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You remember the movie Network, don’t you? Peter Finch as veteran UBS anchorman Howard Beale, growling into a TV camera, “I’m mad as hell, and I’m not going to take this anymore!” That was a potent declaration of independence and non-conformance that Beale made. The only problem is that he shrunk away from it not that much later, in the face of billionaire mogul Arthur Jensen. Jensen’s sole purpose was to use Beale as a Pied Piper to mollify the peasantry, the better to pursue his own plans, expand his wealth, empire, and power without interference.
But what if the mad maven of the airwaves didn’t back down? What if he was fully committed not just to that “special spirit” that had inspired him in the first place, but also dedicated to his art as a journalist, having no intentions of being co-opted by Jensen or any other greed-driven schmuck who figures that everyone has his price? How might that have gone?
Maybe something like this:
Jensen’s tone softened a bit from its mega-preacher staccato beginning as he approached the end of his peroration. “And our children will live, Mr. Beale, to see that... perfect world... in which there's no war or famine, oppression or brutality. One vast and ecumenical holding company, for whom all men will work to serve a common profit, in which all men will hold a share of stock. All necessities provided, all anxieties tranquilized, all boredom amused. And I have chosen you, Mr. Beale, to preach this evangel.”
Howard’s eyes narrowed as Jensen finished. “Why me?”
The response was as obvious as it was perfunctory. “Because you're on television, dummy. Sixty million people watch you every night of the week, Monday through Friday.”
“Yes, they do,” Beale answered. He had expected two possible approaches that Jensen might take and admitted privately to himself that he was a bit surprised that his adversary hadn’t fully thought through the tactic he had chosen. Very well. “Do you know why they watch me, Mr. Jensen? Because I have earned their trust. With that, they have reason to believe that I’m telling them the truth, that I’m giving them information which is critical to their lives and their livelihoods. I taught them about the CCA deal, how it and other transactions like it could impact them and the country they love. Most importantly, I reminded them that they could stop it, that they could stop you and your cronies, though you yourself haven’t come up in the conversation just yet.”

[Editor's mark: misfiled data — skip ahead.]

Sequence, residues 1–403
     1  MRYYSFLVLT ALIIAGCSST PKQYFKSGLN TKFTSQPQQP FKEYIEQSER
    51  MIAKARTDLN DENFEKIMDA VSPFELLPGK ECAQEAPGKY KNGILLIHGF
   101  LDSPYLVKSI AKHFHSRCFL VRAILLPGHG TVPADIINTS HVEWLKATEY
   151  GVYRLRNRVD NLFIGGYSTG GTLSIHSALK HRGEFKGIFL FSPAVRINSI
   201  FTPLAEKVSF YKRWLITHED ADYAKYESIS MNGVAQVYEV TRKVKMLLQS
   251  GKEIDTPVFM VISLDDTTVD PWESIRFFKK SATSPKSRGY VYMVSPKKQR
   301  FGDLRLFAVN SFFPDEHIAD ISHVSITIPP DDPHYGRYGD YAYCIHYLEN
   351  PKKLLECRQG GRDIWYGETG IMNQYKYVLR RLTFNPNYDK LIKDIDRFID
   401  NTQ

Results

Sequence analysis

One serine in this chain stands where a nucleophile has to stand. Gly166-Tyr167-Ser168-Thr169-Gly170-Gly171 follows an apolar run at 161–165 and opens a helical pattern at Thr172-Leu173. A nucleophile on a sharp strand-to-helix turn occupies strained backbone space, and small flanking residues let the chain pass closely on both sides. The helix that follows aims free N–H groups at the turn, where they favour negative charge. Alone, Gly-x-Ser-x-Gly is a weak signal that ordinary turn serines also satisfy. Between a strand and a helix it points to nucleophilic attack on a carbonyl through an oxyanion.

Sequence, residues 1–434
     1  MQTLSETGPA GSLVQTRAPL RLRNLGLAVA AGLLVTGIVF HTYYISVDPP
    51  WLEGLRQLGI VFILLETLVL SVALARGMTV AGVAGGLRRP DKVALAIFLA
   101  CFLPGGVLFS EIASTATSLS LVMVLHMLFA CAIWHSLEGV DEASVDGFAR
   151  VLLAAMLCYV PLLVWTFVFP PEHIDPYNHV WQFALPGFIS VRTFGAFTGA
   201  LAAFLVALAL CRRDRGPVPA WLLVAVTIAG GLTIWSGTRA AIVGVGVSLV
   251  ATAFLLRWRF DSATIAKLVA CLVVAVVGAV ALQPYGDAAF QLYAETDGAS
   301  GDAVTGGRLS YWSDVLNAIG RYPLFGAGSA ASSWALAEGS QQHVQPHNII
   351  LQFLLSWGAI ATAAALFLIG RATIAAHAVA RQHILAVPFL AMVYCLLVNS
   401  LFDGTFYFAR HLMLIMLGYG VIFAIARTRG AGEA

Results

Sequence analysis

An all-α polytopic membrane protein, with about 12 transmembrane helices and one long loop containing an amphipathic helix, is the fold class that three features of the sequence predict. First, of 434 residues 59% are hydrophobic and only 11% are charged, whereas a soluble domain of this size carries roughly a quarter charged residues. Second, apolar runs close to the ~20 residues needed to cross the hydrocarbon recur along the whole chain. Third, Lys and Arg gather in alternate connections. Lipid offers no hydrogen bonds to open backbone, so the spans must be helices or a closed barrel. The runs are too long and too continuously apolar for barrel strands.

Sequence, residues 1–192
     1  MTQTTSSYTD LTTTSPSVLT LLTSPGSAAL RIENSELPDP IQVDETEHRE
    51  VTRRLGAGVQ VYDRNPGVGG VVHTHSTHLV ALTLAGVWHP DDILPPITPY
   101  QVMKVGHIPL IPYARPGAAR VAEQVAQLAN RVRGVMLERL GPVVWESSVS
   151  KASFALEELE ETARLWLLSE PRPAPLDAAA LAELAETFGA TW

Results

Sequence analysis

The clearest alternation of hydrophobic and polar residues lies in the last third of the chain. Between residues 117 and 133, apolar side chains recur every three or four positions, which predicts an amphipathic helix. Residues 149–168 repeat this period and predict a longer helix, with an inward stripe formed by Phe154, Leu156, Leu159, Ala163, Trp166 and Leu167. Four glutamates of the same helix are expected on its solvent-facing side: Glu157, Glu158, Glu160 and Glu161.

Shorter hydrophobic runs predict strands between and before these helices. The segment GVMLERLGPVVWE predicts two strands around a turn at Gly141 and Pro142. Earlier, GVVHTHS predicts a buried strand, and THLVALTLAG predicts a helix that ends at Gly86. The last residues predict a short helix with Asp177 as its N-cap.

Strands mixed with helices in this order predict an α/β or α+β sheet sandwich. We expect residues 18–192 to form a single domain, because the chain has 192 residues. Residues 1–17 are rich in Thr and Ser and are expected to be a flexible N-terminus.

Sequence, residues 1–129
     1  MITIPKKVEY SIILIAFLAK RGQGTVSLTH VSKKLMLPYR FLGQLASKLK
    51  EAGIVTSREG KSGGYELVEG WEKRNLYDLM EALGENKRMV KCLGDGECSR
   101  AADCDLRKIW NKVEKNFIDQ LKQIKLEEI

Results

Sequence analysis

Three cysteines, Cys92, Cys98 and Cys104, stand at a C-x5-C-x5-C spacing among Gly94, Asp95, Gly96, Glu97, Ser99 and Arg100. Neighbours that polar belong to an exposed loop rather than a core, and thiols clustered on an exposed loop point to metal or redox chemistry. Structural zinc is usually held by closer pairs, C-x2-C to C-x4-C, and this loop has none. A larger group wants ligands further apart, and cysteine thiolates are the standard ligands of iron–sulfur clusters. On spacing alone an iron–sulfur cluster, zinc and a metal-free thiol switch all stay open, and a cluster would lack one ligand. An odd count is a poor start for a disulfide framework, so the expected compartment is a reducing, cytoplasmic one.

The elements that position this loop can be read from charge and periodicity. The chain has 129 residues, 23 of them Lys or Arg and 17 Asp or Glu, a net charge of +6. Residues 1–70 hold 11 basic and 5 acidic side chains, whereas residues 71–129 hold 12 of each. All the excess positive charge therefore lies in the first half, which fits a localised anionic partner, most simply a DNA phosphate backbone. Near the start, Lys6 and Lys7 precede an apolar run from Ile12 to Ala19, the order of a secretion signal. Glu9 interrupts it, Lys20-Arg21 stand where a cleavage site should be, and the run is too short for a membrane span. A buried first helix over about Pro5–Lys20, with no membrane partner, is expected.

Howard stood up out of his chair to confront Jensen and at least in part to remind him of the two-inch advantage in height he held on the other man. “Do you think I haven’t seen the money race you and your kind have created, Arthur? Hell, I’ve reported on it for a while, though not fully realizing what it was early on. It took me a while to recognize that it wasn’t just about cash or power, but about the influence that could be bought with it, particularly influence in government, loosening of regulations, relaxing anti-trust and monopoly rulings, potentially to the point where multi-millionaires like you would have more control of the nation than the government would. I cannot imagine the harm that would do to the vast majority of the world or its people, Arthur, I cannot countenance it, and I cannot be silent about it.”
It was time seal the deal, Howard thought, and reached into his suit pocket, withdrawing an object the size of a small paperback. He was grateful that his old friend and long-time sound man, Jeff Sorenson could spare the tiny yet high-performance Nagra SN tape recorder for this use. He would have to find an appropriate way to thank Jeff properly for the critical loan of it. Beale showed the still-running device to his opponent. “I mean to share our conversation with the American people next Monday, Arthur. I’m also going to share it with friends of mine – friends named Smith and Cronkite and Chancellor – so that they can report on it as well and give their own points of view on just what this attempt at coercion of the Fourth Estate is about.”
Howard paused a second. “Your money and your power have left you with the impression that the world is your toy to play with, that you can do as you please and not fear having to answer to someone above you. In that regard, you are mistaken, Mr. Jensen.” Beale walked to the door to the conference room, opened it, then turned.
“I’m still mad as hell, Arthur, and I’m not going to take this … or you … anymore.”
Yes, I know that Network was supposed to be a black comedy about the foibles of human beings, especially as expressed in television media and in business. The problem is that, as has often been observed, a great number of the activities described within that piece of cinema amount to predictions come true, and as a result, Network is no longer something to laugh at, but something to be acknowledged and understood ... and counteracted. All I'm doing here is indulging in a bit of wishful thinking, while wondering who will bell the cat or notice that the Emperor isn't wearing so much as a stitch on him.